8 May 1970


Pos LW Weeks Song Artist
1 1 8 Ma Belle Amie  – Tee Set
2 3 10 Love is a Beautiful Song  – Dave Mills
3 2 6 Carol Ok  – Chris Andrews
4 5 5 Spider Spider  – Tidal Wave
5 6 8 Travellin’ Band  – Creedence Clearwater Revival
6 4 8 Bridge Over Troubled Water  – Simon & Garfunkel
7 8 11 Love Grows (Where My Rosemary Goes)  – Edison Lighthouse
8 7 10 Hitchin’ a Ride  – Vanity Fare
9 10 5 Tchaikovsky One  – Omega Limited
10 14 3 Elizabethan Reggae  – Boris Gardiner
11 13 4 My Baby Loves Lovin’  – White Plains
12 9 7 Wanderin’ Star  – Lee Marvin
13 11 6 Let’s Work Together  – Canned Heat
14 12 5 Years May Come, Years May Go  – Herman’s Hermits
15 New 1 Can’t Help Falling in Love  – Andy Williams
16 18 4 Honey Come Back  – Glen Campbell
17 19 2 Die Tantes van Nantes  – Al Debbo & Nico Carstens
18 20 2 Everybody Get Together  – Dave Clark Five
19 16 9 Arizona  – Mark Lindsay
20 New 1 She’s Gone  – Ken J. Larkin

‘Ma Belle Amie’ by Tee Set enjoyed a second week at number 1 while the previous chart topper, Dave Mills’ ‘Love Is A Beautiful Song’ regained some lost ground as moved back up to 2 from 3rd place where it had dropped to last week.

Boris Gardiner’s ‘Elizabethan Reggae’ picked up the biggest climber award for the second week running as it climbed a further 4 places from 14 to 10. Being a 4 place climb and the biggest climber by default made it the only star rater this week.

The fallers this week were also not moving a huge number of places as it only took a 3 place drop to take the award. Lee Marvin’s ‘Wandrin’ Star’ and Mark Lindsay’s ‘Arizona’ were the 2 songs that managed this, falling to 12 and 19 respectively.

Shocking Blues’ ‘Venus’ lasted just 5 weeks on the chart after falling off the top spot. It left the top 20 this week and had had a total run of 10 weeks in the top 20, 4 of which were spent at number 1. This would be their only charting hit in South Africa. In the UK and the US they would have another hit called ‘Mighty Joe’ which get to number 43 in both countries and in the US a third hit, ‘Long And Lonesome Road’ would get to 75.

We also bid farewell to Neil Diamond’s ‘Holly Holy’. It had been with us for 11 weeks and spent a frustrating 2 weeks at its peak of 2 while fellow leaver ‘Venus’ hogged the top spot. Where Diamond could laugh at Shocking Blue was that he had plenty more SA hits to come. ‘Holly Holy’ had been the oldest on last week’s chart and that title now fell to Edison Lighthouse’s ‘Love Grows (Where My Rosemary Goes)’ which was on 11 weeks.

Our first new entry had could trace its roots way back to 1784 as the melody of the song was based on Jean Paul Martini’s ‘Plaisir d’Amour’ from that year. Hugo Peretti, Luigi Creatore and David Weiss took the tune and turned it into ‘Can’t Help Falling In Love’, a chart topping hit in the UK and number 2 hit in the US for Elvis Presley in 1961/62. The song has been covered numerous times and this week we welcomed Any Williams’ version into our top 20. It was Williams’ 2nd song to grace our charts and it would go to number 3 in the UK for him. In the US it would not fare as well, but did manage a peak of 88 there. Apart from Elvis and Andy’s versions, there would be a further 4 versions that would chart in the UK with The Stylistics going to 4 in 1976 with it, Irish band Lick The Tins took a version to 42 in 1986 (this was included in the soundtrack to the film ‘Some Kind Of Wonderful’), UB40 spent 2 weeks at 1 with it in 1993 and then in 2006 Russell Watson took a version to 69. In the US, the song has been slightly less popular, with Corey Hart’s 1986 version going to 86, UB40’s version spent 7 weeks at 1 and more recently Christina Grimmie (participant in The Voice TV show) had a cover of it go to 74.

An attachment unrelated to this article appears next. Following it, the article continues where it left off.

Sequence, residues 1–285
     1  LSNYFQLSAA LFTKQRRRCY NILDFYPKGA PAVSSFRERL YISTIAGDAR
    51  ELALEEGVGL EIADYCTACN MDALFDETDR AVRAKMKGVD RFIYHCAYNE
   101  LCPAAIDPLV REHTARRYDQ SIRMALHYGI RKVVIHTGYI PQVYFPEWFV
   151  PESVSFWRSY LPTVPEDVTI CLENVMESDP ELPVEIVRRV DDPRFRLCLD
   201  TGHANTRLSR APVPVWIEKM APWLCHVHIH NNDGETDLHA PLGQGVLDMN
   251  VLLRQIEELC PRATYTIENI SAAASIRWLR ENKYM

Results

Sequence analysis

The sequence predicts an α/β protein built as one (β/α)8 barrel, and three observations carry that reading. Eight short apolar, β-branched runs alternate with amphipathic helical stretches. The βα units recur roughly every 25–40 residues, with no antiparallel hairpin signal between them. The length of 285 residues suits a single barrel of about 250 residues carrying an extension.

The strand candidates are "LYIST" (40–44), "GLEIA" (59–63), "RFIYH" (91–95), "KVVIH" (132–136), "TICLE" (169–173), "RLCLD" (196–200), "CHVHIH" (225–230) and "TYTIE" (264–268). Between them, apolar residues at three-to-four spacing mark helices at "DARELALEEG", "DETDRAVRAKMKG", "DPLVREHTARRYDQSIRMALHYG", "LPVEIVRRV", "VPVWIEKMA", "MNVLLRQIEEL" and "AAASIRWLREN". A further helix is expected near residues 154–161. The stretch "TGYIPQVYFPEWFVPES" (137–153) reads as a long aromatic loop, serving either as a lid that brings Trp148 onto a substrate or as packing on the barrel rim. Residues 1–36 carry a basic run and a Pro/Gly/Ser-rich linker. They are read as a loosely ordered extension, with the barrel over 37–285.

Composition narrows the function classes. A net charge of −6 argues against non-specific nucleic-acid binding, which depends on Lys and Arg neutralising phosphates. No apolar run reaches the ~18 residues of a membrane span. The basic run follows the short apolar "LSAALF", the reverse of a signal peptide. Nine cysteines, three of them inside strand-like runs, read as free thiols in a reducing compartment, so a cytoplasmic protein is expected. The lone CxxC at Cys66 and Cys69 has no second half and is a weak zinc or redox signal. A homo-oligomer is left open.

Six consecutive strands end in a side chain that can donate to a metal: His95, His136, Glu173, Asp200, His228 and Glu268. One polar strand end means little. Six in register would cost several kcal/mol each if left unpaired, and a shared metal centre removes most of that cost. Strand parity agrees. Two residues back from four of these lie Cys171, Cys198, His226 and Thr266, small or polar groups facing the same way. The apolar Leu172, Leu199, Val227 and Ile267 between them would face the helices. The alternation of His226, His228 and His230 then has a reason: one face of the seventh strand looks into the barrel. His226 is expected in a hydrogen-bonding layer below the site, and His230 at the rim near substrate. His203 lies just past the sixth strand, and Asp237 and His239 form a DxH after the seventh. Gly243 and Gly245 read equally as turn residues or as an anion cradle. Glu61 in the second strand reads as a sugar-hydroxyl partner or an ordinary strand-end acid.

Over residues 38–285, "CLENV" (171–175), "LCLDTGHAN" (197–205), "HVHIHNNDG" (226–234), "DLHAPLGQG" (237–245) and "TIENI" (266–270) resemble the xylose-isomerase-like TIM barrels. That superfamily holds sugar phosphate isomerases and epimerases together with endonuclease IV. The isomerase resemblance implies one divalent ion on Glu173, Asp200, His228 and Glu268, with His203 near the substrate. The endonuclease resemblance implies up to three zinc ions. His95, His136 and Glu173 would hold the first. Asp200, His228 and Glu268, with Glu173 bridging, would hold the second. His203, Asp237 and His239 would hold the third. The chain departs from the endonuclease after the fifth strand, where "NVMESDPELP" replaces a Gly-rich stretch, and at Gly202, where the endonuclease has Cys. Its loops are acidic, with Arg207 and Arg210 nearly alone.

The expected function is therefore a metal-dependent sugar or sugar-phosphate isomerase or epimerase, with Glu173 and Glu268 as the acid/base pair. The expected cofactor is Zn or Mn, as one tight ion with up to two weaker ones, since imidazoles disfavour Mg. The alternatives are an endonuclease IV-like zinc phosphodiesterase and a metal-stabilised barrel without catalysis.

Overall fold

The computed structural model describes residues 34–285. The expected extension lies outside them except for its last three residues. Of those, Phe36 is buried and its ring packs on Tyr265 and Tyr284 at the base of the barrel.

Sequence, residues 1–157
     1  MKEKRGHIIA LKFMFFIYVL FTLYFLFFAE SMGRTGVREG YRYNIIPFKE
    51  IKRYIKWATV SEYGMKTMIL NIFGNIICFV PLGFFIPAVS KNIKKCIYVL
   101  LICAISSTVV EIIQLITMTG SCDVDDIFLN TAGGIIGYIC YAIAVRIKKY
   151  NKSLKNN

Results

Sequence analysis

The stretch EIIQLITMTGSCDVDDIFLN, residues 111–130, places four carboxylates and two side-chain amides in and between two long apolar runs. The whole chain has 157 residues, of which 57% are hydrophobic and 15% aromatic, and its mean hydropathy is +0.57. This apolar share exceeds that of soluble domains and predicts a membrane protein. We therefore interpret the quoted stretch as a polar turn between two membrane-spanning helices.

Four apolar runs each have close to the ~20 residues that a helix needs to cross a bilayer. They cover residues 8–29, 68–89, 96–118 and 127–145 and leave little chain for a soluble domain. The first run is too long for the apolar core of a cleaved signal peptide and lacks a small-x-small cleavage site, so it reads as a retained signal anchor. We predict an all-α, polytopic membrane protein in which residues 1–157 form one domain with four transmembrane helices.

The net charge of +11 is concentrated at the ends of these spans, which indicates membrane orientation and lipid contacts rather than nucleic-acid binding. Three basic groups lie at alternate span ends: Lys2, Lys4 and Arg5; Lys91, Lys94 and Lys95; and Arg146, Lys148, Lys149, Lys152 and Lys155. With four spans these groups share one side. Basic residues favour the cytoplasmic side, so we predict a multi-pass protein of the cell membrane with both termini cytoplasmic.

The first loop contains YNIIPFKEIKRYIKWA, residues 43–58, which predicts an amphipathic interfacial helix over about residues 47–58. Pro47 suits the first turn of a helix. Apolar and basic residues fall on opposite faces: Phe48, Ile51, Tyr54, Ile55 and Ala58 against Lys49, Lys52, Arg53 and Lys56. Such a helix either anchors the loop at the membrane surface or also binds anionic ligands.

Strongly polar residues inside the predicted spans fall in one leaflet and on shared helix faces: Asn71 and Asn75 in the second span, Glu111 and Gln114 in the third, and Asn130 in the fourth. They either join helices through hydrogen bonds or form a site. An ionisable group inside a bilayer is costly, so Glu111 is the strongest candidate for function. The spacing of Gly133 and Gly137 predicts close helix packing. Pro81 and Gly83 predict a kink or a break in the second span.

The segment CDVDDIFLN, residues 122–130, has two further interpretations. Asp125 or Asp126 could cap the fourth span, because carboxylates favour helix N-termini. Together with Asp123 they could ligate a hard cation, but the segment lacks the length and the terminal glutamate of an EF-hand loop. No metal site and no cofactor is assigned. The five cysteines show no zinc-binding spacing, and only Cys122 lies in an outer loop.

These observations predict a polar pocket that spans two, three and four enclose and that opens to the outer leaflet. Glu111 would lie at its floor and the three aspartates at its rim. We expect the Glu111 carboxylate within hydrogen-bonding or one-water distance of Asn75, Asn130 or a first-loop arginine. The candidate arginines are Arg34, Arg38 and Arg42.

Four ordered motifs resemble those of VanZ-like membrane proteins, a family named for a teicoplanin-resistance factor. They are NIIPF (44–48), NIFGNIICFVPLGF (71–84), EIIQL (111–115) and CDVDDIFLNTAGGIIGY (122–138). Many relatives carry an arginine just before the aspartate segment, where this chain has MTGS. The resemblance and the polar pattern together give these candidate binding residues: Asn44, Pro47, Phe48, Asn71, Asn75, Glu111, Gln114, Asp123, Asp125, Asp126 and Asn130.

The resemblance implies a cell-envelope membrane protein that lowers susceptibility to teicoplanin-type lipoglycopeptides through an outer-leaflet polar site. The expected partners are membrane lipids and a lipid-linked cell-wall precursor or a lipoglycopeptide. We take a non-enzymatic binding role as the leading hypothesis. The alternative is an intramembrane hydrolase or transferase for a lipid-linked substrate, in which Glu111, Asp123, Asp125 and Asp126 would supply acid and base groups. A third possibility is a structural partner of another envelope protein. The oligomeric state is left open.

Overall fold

The second new entry was the 100th song by a local act (excluding the duet between Virginia Lee and Slim Whitman) to grace our charts and that honour went to Ken J. Larkin’s ‘She’s Gone’. Larkin was obviously a fan of the song writing skills of Les Reed as all 3 of his hits to date included Reed in the credits. Barry Mason co-wrote the song with Reed as he had with ‘Turn Around’ 1 of Larkin’s previous hits. Reed and Mason led the way for hits by a song writer with Reed at the top of the list with 16 song writing credits to his name and Mason a close second with 15 hits under his belt. The song appears to be a cover of a 1969 recording of it by a guy called Steve Tracey. We now had 5 local songs in the charts, a figure we had not seen since 14 November 1969, nearly 6 months previously.

Dave Mills was enjoying his 30th week in the charts in total while Chris Andrews was busy clocking up his half century. Mills sat 8th on the local weeks count list (unmoved from last week) while Andrews’ 50 weeks placed him 26th overall.

Ken J. Larkin moved up to tied 11th place on the local weeks count list as his 22 weeks to date put him level with Carike Keuzenkamp and Hillary while Al Debbo moved 1 week clear of Jody Wayne and The Square Set to have 14th place to himself.

On the point’s front, Creedence Clearwater Revival moved past the 700 points mark and Simon & Garfunkel saw their tally go past the 500 mark. Creedence sat 18th overall while Simon & Garfunkel were 30th.

‘Tchaikovsky One’ took 17th place for itself on the list of weeks by songs charting in more than 1 version. Its 11 weeks to date moving it clear of ‘New York Mining Disaster 1941 (Bee Gees & The Staccatos), ‘Laura (What’s He Got That I Ain’t Got)’ (Brook Benton & Frankie Laine) and ‘Am I That Easy to Forget?’ (Engelbert Humperdinck & Jim Reeves). The other song that was currently charting in its second version, ‘Get Together’ or ‘Everybody Get Together’ (Youngbloods & Dave Clark Five), was on 7 weeks in total and sat 21st on the list.

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